Unless you’ve been living under a rock for the past week or so, you’ve heard that Microsoft is buying GitHub for a reported $7.5 billion in stock. The web has been buzzing since the official announcement came out on June 4th, and the opinions about the acquisition seem about as polarized as they were in response to the 2016 US elections.
The acquisition actually fits quite seamlessly into Microsoft’s “developer-first” approach, adopted by the company most notably since CEO Satya Nadella got on board in 2014. Microsoft proudly admits that it relies on open source tools, and has even developed some of its projects (such as the Visual Studio Code text editor) on GitHub itself.
Microsoft is such a heavy GitHub user, in fact, that Microsoft developer and open source guru Miguel de Icaza joked on Twitter: “Satya looked at Microsoft’s bill from all the code we host on GitHub and figured it would be cheaper to buy the company.”
By embracing rather than fighting the open source movement of the last decade, Microsoft is joining the ranks of Facebook, Yahoo!, Dell and others, who have admitted to choosing open source software for some of their most critical development environments. Open source is no longer the exception; it’s the norm.
Version control wasn’t anything new in 2005 when Linux creator Linus Torvalds released the first version of Git, but the existing options were missing something key, the ability to track work locally and participate in a workgroup – distributed version control. Centralized systems didn’t offer the speed, workflow or open (read: free) availability that he sought after. GitHub, born a few years later, has become a massive Git-repository hosting service, with an estimated 85 million repositories and 28 million users. Github took the concept of participating in a code project into the social sharing realm.
Over the last decade, Git and GitHub have established themselves as the go-to choice for startups and enterprises alike, offering the incomparable performance Linus Torvalds had once set off to achieve. As DevOps adoption has accelerated in recent years, GitHub has taken an active role in automation, with dozens of reference points throughout the automation and build sequences, version control has long since been adopted as the gospel for code development.
Jenkins rose to fame around the same time, eventually becoming the world’s favorite open source build automation tool, with an estimated 70% of the market share as of 2018. Jenkins hosts its own repository on GitHub as well, offering hundreds of plugins to support a harmonious Jenkins/GitHub relationship. This isn’t mere coincidence. The fact is that DevOps and version control go hand-and-hand. To really be able to pull DevOps off, you need to have smart, automate-able, and resilience enhancing controls in place. And that’s precisely what’s offered by GitHub and other agile version control tools.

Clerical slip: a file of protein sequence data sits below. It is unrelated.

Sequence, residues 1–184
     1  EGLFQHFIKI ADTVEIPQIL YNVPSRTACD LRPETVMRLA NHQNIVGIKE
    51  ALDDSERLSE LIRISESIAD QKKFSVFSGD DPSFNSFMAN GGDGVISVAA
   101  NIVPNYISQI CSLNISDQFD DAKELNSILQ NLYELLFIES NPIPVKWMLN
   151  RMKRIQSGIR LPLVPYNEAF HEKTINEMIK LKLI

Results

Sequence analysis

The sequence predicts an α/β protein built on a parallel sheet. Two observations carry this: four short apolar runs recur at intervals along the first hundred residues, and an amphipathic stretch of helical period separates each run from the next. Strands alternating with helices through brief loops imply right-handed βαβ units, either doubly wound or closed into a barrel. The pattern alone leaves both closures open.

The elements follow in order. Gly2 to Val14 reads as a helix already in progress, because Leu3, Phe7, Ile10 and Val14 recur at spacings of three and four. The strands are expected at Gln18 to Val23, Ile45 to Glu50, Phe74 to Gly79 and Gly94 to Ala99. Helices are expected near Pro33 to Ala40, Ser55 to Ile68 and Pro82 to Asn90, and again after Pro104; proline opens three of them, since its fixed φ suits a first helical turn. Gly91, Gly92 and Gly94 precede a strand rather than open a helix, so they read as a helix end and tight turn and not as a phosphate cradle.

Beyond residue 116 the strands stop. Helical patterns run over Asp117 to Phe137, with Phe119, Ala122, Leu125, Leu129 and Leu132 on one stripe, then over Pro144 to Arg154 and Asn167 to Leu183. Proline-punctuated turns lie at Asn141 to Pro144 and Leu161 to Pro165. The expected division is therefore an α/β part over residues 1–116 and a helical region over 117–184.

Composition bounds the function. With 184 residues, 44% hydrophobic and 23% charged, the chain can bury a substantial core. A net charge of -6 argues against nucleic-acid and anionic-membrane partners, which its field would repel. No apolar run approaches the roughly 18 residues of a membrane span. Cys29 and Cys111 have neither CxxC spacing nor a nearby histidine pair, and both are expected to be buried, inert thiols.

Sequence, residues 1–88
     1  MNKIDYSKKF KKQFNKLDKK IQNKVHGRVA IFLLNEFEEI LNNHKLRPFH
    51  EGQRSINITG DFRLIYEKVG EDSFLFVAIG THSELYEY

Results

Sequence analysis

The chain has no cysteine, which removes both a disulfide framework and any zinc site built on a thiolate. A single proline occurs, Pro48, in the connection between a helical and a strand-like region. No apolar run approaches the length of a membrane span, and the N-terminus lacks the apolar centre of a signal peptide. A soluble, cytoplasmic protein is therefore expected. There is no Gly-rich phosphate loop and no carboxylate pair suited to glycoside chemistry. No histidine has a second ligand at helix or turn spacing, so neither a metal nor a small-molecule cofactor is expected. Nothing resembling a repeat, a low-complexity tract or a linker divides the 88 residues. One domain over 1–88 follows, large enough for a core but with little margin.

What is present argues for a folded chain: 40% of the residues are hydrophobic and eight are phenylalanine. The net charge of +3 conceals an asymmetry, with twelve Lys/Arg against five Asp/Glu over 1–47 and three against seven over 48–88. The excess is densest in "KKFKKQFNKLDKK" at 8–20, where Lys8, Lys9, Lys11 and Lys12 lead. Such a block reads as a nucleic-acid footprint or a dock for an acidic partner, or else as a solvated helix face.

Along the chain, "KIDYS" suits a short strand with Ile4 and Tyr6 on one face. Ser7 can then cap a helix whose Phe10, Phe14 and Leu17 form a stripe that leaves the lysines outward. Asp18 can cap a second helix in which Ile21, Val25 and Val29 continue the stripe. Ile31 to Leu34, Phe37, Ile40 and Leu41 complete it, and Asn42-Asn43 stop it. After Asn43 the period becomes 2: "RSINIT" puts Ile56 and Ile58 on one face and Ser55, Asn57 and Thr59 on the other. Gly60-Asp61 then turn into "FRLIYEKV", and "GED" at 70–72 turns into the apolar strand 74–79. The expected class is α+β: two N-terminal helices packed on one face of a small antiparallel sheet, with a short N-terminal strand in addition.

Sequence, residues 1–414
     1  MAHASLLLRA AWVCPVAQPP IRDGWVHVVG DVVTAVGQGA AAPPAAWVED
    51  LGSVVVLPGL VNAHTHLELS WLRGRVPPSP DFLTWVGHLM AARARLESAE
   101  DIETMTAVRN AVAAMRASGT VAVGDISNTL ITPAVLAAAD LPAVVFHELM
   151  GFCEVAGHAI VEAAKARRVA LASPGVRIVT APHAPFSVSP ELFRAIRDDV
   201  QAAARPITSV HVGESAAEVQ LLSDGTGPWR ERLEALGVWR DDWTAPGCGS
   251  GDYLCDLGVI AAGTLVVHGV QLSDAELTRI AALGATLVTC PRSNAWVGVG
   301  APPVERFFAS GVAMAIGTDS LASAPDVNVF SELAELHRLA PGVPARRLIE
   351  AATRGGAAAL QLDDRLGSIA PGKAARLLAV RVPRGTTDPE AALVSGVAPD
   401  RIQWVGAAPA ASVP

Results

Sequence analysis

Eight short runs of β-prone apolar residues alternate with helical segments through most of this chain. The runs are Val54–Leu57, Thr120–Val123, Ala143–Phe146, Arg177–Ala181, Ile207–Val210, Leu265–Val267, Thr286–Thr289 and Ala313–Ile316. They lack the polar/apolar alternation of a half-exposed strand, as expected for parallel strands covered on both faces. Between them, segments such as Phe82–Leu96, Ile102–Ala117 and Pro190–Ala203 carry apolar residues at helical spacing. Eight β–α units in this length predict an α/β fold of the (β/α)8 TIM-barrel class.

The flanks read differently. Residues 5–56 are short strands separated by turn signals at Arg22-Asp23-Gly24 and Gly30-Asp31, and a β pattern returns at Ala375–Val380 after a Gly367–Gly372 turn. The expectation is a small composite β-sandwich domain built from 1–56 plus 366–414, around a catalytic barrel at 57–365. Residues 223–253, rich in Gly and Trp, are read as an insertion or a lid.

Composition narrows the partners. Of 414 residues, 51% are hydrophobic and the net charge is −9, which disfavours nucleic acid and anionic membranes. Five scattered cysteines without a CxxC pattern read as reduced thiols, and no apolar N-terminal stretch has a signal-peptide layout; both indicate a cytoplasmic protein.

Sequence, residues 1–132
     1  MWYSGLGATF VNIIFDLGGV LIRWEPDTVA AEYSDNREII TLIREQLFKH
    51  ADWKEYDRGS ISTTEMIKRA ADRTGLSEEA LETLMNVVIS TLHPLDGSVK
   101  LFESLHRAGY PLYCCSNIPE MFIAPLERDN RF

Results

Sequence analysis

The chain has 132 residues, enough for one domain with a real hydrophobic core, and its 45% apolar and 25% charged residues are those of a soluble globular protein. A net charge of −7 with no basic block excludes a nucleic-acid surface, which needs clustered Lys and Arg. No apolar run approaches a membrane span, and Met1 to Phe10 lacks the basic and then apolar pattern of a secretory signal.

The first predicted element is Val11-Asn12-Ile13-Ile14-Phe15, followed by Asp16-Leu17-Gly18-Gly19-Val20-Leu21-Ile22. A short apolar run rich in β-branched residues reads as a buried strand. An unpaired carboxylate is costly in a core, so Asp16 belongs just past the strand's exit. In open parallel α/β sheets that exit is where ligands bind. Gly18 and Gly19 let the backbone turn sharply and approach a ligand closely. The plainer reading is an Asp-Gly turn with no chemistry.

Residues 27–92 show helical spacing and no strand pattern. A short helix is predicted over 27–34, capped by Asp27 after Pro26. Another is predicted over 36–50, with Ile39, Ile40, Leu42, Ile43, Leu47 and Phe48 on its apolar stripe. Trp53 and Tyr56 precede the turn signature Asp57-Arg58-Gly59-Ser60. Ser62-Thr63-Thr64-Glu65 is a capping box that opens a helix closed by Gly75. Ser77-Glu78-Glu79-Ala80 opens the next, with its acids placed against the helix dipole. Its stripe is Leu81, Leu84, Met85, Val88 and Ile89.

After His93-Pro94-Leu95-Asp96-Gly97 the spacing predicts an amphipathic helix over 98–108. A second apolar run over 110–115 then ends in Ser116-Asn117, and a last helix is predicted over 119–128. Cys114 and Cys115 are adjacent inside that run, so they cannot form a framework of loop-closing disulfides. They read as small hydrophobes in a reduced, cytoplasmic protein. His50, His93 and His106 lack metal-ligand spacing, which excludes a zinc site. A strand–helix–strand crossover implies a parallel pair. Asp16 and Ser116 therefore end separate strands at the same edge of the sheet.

The combination of version control and code repositories for development and an automation server that can easily access the code and build, creates an unparalleled force that drives agility and enables safe teamwork.
DevOps and version control work together through the deployment process to support continuous delivery. Automation code and configuration stored in git gives control and location flexibility so that many nodes can participate in the process. Jenkins integration ensures that it’s a fresh git checkout every time the pipeline executes.
Many organizations benefit from the combined offering for developing and deploying source code, and Microsoft may even be one of them. As organizations have become comfortable with hosting repositories remotely and relying on open source software, this development method is widely used.
However, not all code is treated equally. DevOps, agile, and open source adoption may have become the norm for application development, but database code is often left out of the equation.
Why, you might ask. The reasoning isn’t obvious; why is database code different than all other code? It is developed, tested and deployed, just as other code is, yet it is often excluded from the automation and version control story. Perhaps the reason is that the database is perceived as heavy, dangerous to tinker with, old. In reality, however, leaving the database behind creates a bottleneck that slows development and can potentially lead to serious issues.
In reality, there is no real reason to treat database source code any differently. Whether working on-prem or with cloud-based databases (or a combination of both), organizations can benefit from the GitHub/Jenkins relationship; a smooth, agile development-to-deployment process can be easily achieved for the database, too.
DevOps and version control solutions are instrumental to successful builds and deployments that keep up with the pace of business today. Of course, even with such solutions in place, you’re not exactly going to have a set-it-and-forget-it software ecosystem. To push the wheels of progress to that end, you’ll need a tool that ties them both together and adds security, database governance and process makes it darn near perfect.
Combine all that with a built-in set of APIs and connectors to other tools in the DevOps ecosystem, and you’ve got yourself a winner.